Councilman Fernando Echevarria made a request that all signs or monuments produced in the plan should be made with material conducive to graffiti removal, and strong enough to withstand various types of vandalism.

“Vandals are going to go crazy on this,” Echevarria predicted.

Finally, Michael Belluomini, a former Merced City Councilman and early proponent of welcome signs for Merced, stood up and spoke from the public comment podium.

“I urge you to be careful with this,” he warned his former colleagues. “This is something that is going to be around for a very long time. I wouldn’t skimp on it.”

He also said, “I think it reflects badly on the city that we are one of the ones on Highway 99 who do not have a welcome sign.”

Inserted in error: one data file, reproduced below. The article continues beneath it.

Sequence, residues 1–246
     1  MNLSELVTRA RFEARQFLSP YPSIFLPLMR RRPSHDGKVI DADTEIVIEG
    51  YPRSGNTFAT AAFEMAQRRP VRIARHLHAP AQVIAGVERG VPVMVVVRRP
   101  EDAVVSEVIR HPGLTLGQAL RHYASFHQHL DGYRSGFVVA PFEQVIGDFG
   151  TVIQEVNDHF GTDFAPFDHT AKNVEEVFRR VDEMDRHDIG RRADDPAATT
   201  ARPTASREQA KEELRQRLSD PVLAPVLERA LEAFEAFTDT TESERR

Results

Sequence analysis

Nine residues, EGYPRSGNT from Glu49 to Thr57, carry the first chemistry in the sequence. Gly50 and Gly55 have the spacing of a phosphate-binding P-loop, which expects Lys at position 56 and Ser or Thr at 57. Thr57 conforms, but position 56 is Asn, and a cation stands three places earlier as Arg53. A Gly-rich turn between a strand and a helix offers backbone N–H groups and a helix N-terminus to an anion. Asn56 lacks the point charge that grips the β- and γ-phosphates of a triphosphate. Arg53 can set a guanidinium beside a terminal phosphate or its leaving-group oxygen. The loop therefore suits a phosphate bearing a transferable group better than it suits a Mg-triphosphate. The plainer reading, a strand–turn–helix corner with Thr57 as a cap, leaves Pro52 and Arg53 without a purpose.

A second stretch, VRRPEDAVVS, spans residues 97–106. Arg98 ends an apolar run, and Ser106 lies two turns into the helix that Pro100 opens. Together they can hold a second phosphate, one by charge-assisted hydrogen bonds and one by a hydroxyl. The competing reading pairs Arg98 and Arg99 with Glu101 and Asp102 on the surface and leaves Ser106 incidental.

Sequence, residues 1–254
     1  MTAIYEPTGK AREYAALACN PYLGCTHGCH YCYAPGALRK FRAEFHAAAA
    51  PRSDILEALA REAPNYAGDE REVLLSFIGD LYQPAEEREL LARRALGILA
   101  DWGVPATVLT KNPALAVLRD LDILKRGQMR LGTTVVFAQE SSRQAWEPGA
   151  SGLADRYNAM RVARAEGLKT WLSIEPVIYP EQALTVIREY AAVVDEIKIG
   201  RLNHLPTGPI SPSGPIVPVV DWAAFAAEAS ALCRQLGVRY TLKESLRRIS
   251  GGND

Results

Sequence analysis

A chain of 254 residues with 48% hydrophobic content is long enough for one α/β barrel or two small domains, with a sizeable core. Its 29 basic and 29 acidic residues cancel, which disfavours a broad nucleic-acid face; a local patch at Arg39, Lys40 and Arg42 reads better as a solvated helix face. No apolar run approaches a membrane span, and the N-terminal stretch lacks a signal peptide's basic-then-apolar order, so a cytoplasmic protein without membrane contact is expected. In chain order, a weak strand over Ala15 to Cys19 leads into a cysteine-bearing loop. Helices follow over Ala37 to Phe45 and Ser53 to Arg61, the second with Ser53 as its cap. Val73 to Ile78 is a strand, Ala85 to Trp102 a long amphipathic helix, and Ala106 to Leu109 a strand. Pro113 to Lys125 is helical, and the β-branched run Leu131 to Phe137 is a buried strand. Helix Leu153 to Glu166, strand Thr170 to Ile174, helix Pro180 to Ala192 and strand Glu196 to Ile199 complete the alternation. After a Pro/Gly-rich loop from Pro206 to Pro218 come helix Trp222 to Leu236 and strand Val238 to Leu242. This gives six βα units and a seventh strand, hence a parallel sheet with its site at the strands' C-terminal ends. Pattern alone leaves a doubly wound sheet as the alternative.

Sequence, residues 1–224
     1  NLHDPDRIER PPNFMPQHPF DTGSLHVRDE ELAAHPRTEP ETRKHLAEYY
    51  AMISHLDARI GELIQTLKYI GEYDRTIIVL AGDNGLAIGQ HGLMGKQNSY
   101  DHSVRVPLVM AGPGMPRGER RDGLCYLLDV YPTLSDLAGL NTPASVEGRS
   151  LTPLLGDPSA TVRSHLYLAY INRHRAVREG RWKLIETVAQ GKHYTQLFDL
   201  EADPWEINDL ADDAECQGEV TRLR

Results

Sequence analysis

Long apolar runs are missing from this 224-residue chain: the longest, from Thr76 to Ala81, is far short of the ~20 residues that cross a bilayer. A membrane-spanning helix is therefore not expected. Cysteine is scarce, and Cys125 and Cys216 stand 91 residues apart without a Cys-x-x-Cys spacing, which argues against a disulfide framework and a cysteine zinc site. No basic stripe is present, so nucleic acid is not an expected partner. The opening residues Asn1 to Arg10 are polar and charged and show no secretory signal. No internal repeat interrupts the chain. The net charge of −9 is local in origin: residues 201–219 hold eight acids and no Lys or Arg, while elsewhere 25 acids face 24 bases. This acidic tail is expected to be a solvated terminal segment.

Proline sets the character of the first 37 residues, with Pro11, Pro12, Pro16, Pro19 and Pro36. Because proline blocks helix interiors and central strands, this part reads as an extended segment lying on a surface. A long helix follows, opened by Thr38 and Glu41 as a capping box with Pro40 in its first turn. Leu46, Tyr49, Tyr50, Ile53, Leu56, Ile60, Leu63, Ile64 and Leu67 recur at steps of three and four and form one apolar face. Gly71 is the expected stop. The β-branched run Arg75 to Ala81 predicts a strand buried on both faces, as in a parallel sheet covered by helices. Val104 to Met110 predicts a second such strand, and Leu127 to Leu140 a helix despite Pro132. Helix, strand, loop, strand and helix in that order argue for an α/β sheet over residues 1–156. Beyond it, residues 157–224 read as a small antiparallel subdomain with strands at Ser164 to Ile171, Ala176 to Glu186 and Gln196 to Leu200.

Belluomini reminded the council members that back in 2017 a public contest was held to come up with creative designs that would inspire a final product. Belluomini also continued the push — as he has in the past — to keep the involvement and will of community members and stakeholders in the design process.

On Monday night, he presented a sign design composite with imagery suggested from top Top 3 proposals in the public contest.

Here is a timeline of related events produced by Belluomini and highlighted on Monday night:

FEB 6 2017: Council approves subcommittee on signs to work with staff and service clubs on location, design, funding.

MAY 1: Council approves public contest for sign design with a $300 prize ending Oct. 6, 2017.

NOV 6: Subcommittee reports to council 56 sign designs submitted. Five are recommended, with the idea they could combine designs. After sign designs selected, council mentioned they could ask service clubs and private donors to fund sign cost. They also authorized hiring a sign design professional to help.